First, make sure to give them LOTS of love whenever you’re changing something in the home and in the weeks leading up to the move. The more they feel loved, the more likely they are to cope with the move. Extra affection, grooming, treats, and additional exercise will all help with your beloved pet’s emotional and mental needs.
Second, try to keep everything as regular as possible, even when travelling by air or car. Cats and dogs are creatures of habit and like their regular program even more than people do. So, when you’re scheduling your move, try to plan things so that feeding times, play/walk times, and bed times are at their regular times (or as close to possible). Avoid crazy early or late time – no flights at 3:00 AM. Following a schedule is crucial for keeping your pet from having a hard time adjusting to their lifestyle shift.
Third, bring a to-go bag with all of your pet’s essentials inside. We suggest this for you as well in one of our other articles, and we think it’s a great plan for pets, too! Whether using car travel or air travel, you’ll want to pack all your necessary items for your pet’s comfort: the litter box, favorite toys, enough food and water for the trip, plastic bags for poop, and medication. This will help ease the transition into their new life -both on the trip and afterwards.
Our favorite secret for helping your pet feel better on their journey? Put an old t-shirt or sweater that you’ve worn recently into your pet’s carrier. Having this item close to them on the trip is comforting and familiar. Just make sure that you’re okay with it getting scratched or thrown up on during the process!
3. Get Identification on Everything
You’ll want to get ID tags for your pets for the move. The identification tag on your pet and the carrier should have your new address and phone number on it, as well as a secondary phone number (like a cell phone or friend’s number). While it’s always good to have a collar and tag for outdoor pets and dogs, it’s especially important for moving.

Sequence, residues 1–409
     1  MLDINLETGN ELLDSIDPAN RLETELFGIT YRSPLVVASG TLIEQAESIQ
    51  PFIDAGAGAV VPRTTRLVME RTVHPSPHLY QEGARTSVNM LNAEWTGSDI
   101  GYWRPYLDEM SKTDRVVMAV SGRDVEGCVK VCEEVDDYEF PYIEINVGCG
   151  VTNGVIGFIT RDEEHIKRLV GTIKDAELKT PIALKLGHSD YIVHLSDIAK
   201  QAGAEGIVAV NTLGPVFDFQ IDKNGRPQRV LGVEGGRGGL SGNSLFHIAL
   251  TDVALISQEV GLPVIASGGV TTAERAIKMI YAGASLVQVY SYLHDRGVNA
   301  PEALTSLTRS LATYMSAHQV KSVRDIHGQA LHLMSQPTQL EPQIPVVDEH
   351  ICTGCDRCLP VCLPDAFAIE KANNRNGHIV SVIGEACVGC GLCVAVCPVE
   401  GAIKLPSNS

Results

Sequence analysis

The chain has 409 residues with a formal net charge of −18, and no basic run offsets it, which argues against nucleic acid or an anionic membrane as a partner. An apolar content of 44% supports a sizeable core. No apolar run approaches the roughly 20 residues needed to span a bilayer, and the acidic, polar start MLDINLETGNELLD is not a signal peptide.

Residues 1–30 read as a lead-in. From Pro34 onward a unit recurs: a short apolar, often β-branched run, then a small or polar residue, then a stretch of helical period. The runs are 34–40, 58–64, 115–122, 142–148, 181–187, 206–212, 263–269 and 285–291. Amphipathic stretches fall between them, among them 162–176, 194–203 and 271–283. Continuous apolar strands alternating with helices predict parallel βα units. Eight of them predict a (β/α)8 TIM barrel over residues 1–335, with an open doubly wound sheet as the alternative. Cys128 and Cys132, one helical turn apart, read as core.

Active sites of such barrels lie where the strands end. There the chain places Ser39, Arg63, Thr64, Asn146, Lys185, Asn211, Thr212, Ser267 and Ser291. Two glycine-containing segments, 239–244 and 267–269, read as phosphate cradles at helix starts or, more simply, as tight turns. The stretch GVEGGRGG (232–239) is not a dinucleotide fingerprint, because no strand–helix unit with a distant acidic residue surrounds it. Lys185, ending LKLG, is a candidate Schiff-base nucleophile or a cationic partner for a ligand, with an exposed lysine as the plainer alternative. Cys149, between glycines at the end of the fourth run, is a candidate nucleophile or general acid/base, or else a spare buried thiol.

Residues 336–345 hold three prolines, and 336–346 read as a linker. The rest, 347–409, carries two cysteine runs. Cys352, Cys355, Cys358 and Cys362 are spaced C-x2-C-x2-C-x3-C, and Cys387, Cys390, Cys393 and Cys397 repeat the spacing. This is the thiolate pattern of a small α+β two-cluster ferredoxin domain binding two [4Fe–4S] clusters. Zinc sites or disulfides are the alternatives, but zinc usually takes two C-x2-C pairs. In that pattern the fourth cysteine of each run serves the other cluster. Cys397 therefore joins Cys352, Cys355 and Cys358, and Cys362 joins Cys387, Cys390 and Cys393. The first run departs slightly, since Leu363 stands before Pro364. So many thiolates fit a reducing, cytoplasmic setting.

There are a few reasons for this. If you’re flying, the carrier and pet should have as much identification as possible in case there is a mix up with transporting your pet or the carrier gets misplaced in part of the airport. While this seems unlikely, it does happen and you always want to make sure that you can be contacted in as many ways as possible if your pet is lost in transition. If you’re travelling by car, the same can happen – pets get lost, picked up by accident, etc. on the trip. Also, pets are skittish during moves. If you’re letting your dog out for a pee break and they run off, or a cat bolts while you’re feeding them, then you’ll want them to have as much info on their tags as possible.
Even though it’s unlikely that you’ll have a pet run off or get lost during the move, you can never be too careful with your beloved furry family members! Identification tags are a quick and easy investment that can save heartbreak during the worst scenarios.